RE: RARA-AVIS: Bleedin' Heart Burke?

From: Robison Michael R CNIN (
Date: 30 Apr 2001

i liked shella too, but i couldn't read much along that line... it was by far the most depressing book i've ever read. makes sylvia plath seem like an optimist.


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> Subject: Re: RARA-AVIS: Bleedin' Heart Burke?
> Kevin asked:
> "Burke is major politically correct? You've just got to explain that
> one."
> Although the question was addressed to Miker, I thought I'd jump in. I
> can't read the Burke novels. I read the first and it was more than
> enough for me; I tried to begin the second, but had to put it down. And
> this was one of the reasons. As admirable as Vachss's work against the
> exploitation of children is in real life, and as much as I mostly
> applaud his politics, the Burke books become agit-prop -- all about the
> empowerment of abused children and revenge fantasies against evil
> abusers. He makes Spillane look subtle in his political agenda,
> although Vachss is mostly on the left, even with his biblical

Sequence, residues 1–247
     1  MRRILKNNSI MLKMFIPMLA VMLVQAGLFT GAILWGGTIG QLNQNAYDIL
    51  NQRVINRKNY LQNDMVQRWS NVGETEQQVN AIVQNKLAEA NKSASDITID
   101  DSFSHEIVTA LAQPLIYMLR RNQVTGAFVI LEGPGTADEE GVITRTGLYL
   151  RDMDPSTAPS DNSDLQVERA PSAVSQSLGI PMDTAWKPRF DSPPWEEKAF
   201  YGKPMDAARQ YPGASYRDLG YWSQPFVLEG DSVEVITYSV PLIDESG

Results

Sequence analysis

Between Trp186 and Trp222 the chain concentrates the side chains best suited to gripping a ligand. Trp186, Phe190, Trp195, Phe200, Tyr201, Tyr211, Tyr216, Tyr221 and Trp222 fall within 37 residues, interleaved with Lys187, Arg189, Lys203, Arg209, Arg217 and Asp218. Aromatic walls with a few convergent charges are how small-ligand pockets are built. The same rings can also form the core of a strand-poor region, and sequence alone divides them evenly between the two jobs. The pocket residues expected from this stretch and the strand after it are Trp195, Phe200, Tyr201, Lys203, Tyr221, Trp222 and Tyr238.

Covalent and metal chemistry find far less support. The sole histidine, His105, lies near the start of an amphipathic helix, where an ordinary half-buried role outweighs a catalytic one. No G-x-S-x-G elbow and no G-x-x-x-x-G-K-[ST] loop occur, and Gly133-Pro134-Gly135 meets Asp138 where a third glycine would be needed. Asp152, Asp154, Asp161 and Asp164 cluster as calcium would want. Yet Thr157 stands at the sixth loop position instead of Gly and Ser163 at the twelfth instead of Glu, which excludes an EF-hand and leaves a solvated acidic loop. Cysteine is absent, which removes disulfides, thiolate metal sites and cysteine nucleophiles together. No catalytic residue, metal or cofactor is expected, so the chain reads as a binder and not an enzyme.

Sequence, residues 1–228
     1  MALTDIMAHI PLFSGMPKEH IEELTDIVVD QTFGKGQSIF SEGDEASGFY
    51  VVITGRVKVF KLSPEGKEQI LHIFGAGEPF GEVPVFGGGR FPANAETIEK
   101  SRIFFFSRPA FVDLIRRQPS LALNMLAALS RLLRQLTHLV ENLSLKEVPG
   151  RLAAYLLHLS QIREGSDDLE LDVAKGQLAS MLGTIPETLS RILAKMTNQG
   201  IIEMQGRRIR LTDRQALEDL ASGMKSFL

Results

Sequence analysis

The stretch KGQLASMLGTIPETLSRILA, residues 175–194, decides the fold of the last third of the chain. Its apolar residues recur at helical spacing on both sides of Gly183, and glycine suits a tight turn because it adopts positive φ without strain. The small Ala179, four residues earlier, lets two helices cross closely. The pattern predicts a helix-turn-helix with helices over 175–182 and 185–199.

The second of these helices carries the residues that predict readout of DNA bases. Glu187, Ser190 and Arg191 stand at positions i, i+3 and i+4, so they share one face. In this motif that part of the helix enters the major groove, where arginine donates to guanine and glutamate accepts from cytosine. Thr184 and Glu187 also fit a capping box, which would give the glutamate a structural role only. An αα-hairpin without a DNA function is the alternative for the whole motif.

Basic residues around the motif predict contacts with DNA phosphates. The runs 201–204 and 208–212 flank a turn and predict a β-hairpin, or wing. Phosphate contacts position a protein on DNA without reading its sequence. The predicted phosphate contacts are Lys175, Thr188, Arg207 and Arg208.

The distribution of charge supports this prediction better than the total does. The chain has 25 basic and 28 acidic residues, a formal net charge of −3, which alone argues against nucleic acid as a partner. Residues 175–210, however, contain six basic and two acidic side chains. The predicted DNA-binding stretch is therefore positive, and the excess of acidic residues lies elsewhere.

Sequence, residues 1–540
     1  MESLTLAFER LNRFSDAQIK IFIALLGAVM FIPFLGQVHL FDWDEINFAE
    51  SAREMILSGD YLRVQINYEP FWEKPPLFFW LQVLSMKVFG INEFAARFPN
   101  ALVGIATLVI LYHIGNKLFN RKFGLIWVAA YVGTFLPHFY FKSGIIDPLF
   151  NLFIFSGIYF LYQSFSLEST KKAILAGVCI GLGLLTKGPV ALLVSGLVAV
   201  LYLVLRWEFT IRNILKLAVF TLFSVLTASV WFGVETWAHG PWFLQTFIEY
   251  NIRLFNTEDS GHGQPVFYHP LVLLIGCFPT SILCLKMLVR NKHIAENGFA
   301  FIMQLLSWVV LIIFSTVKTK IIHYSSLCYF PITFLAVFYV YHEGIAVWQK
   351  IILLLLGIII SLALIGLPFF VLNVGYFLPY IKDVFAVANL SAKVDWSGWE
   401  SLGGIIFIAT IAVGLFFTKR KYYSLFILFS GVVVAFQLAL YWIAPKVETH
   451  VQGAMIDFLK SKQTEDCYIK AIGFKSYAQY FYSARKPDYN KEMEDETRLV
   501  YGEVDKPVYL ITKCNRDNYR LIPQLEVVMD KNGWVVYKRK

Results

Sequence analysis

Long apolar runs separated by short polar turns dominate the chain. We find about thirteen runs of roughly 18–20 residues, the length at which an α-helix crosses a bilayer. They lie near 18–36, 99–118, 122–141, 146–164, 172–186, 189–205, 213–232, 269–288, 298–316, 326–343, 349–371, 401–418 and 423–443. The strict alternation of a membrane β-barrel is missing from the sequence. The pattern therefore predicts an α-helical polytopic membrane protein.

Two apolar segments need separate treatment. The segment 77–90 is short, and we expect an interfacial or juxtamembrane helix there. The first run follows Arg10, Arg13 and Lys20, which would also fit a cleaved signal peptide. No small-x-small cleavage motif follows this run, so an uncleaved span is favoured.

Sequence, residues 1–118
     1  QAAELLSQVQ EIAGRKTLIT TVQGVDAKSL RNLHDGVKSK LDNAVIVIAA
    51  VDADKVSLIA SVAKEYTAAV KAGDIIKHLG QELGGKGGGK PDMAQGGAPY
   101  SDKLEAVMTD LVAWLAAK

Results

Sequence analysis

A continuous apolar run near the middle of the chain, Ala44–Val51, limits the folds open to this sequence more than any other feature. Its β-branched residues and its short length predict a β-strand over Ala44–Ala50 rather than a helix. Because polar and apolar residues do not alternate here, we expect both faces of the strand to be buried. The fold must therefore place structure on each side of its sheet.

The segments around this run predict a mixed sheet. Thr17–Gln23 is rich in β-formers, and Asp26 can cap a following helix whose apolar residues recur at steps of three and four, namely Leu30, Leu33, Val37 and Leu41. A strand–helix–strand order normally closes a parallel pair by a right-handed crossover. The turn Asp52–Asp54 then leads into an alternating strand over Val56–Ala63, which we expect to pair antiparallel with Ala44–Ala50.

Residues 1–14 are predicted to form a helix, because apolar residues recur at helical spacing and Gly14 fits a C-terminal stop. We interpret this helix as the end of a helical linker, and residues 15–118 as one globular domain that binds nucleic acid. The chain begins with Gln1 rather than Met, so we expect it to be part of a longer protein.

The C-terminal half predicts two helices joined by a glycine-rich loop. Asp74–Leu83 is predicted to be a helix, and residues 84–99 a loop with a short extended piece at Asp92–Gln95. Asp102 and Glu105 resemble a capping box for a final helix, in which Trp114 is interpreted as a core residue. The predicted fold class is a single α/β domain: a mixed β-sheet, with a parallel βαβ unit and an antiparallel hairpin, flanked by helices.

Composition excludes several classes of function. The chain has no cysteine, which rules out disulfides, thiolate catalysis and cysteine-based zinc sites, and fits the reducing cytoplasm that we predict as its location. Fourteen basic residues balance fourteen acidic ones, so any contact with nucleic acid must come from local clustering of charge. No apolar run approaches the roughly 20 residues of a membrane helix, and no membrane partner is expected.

> retribution. I guess self-righteous violence is not limited to any one
> political position.
> However, the real reason I don't read the Burke books is because I can't
> take the writing -- it is so overblown. First of all, Burke's "I'm a
> loner bad guy in the revenge ode of Mike Hammer" stance is so
> hypocritical. Every three pages he moans/brags about being a loner with
> no ties to drag him down, but he has a surrogate family as tight as any
> in PI fiction, including the women PIs. And that family is so carefully
> liberally composed to represent the oppressed. On top of that, if I had
> had to hear about how he trained his dog one more time I was going to
> scream. An editor needs to trim the redundancies.
> That said, I think his non-Burke work is great. Shella is a classic
> novel which addresses all of his concerns, but makes its point through
> getting you to almost empathize with a pretty scary character, not
> through hitting you over the head, but through getting you inside him,
> getting you to understand his warped motivations. Even as you deplore
> the character, you wish the situations that helped mold him could be
> eradicated. And his short work in Bad Blood is terrific.
> Still haven't figured out how he could dedicate a book to Iceberg Slim,
> though. With his strict anti-exploitation stance, how could he endorse
> Slim's glorification of predatory pimps?
> Mark
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